4 Considerations for a Successful Mobile Manufacturing Strategy

Pay attention to platform, device, security and reliability factors as you make your move into mobile manufacturing.

Aw 61237 Greg Goodwin Web

The majority of us have at least some experience with mobile functionality in our personal lives, and for many, several times over. Smartphones are now ubiquitous and the price range of tablets is such that many have adopted them as a phone and laptop “in between,” a center of the Venn diagram of mobile and functional.

And this has of course started to spill over into the manufacturing industries as well, as we begin to see that many of today’s manufacturing professionals are accessing role-based information from software applications under manufacturing operations management (MOM); asset performance management (APM); environment, health and safety (EHS) quality management; and other software categories on these same devices, facilitating quicker access to information and decision-making, and increased flexibility. And of those that have yet to invest, many are now within the planning stages.

As progress goes, this is certainly a good thing. But, as with any technology, there are also implications to keep in mind. And for manufacturing organizations considering adopting (or expanding) mobile applications in 2015, there are some important things to consider that can have marked effects on an organization, from costs, to user experience, to security, and beyond. Below, we’ll highlight some of the major factors manufacturers would do well to keep their eye on.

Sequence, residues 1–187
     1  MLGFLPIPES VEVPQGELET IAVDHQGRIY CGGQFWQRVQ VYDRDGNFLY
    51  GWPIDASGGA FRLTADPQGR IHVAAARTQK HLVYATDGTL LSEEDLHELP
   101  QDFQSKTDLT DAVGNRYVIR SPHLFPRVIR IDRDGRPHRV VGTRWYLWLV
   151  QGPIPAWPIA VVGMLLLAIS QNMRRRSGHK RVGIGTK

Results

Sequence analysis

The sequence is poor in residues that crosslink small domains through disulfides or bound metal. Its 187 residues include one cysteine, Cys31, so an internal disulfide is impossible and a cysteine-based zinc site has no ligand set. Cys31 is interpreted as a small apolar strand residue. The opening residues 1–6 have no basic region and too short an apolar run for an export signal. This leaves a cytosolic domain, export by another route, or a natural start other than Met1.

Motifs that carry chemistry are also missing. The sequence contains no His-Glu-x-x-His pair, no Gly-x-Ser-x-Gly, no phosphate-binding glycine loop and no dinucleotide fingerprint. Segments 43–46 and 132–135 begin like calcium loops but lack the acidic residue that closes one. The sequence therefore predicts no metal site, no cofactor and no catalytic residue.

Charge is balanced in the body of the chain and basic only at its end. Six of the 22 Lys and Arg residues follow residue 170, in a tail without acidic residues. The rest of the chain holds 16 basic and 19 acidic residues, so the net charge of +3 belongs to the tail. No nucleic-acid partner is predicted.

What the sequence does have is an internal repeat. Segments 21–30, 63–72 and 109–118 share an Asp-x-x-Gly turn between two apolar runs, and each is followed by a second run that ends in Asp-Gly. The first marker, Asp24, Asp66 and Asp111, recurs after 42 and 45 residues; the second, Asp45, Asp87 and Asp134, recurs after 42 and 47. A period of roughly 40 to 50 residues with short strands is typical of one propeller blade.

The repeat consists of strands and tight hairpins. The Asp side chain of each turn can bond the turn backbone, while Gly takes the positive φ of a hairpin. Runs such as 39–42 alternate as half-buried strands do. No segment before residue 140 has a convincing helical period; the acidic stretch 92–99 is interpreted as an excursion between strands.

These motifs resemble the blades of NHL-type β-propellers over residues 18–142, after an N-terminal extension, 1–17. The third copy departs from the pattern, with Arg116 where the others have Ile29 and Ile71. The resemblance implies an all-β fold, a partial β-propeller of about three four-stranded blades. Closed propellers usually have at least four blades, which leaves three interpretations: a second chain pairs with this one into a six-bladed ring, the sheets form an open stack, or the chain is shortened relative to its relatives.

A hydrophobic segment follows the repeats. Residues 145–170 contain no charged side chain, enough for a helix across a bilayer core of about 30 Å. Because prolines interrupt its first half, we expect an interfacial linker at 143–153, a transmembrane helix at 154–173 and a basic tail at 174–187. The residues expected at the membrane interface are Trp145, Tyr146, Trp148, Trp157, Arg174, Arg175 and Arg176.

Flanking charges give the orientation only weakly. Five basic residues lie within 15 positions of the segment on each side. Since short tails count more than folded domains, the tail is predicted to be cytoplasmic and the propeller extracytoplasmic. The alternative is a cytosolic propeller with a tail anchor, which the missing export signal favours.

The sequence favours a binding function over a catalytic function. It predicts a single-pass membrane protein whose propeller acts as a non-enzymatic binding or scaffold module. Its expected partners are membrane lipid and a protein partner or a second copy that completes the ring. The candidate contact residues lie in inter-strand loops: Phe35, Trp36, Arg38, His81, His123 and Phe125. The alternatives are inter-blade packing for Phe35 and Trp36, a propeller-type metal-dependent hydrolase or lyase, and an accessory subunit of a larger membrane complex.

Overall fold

1. Identify which mobile platform: iOS, Android, Windows or HTML5. Which platform you choose has important implications. The cost of developing functionality for each platform—or going for a browser-based approach with HTML5—has had the effect of slowing the delivery of some manufacturing-specific applications. Each operating environment differs in services and hardware functionality support, which has complicated support issues from the desktop/server environment into the mobile workspace and added another layer of complexity to product development.

On top of adding to what could be costly product delays into the market, this complexity could also result in unequal performance, limiting the native functionality depending on the device.

2. Determine the device: tablet, phablet or smartphone. From a more immediate and visual standpoint, there’s the consideration of physical screen space and user experience. Tablets/phablets obviously offer considerably more screen area than smartphones, and this factor has complicated the delivery of information to different mobile devices, as it often simply renders in a different manner based on size. While there are technologies that can alleviate some of these issues associated with desktop vs. tablet/phablet vs. phone displays, it still requires proper application design as well as forgoing some device-specific functionality available when designed on a per-device basis.